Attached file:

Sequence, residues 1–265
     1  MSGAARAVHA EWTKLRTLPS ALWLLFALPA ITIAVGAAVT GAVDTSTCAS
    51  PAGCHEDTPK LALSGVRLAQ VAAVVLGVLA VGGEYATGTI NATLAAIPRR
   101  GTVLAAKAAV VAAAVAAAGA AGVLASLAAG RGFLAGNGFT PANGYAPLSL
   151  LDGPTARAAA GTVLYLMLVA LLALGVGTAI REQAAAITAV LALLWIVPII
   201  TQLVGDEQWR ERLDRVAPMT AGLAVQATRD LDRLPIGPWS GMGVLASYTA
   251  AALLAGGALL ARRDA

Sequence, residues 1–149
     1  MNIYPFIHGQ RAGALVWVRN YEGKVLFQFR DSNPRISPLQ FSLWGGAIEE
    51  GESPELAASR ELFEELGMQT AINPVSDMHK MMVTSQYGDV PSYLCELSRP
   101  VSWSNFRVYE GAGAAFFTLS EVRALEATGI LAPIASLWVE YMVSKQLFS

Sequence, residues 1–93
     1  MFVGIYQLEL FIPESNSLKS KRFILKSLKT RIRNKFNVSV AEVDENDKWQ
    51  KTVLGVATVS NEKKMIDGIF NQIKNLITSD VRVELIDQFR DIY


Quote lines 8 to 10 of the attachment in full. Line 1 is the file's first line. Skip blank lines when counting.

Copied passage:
Sequence, residues 1–149
     1  MNIYPFIHGQ RAGALVWVRN YEGKVLFQFR DSNPRISPLQ FSLWGGAIEE
    51  GESPELAASR ELFEELGMQT AINPVSDMHK MMVTSQYGDV PSYLCELSRP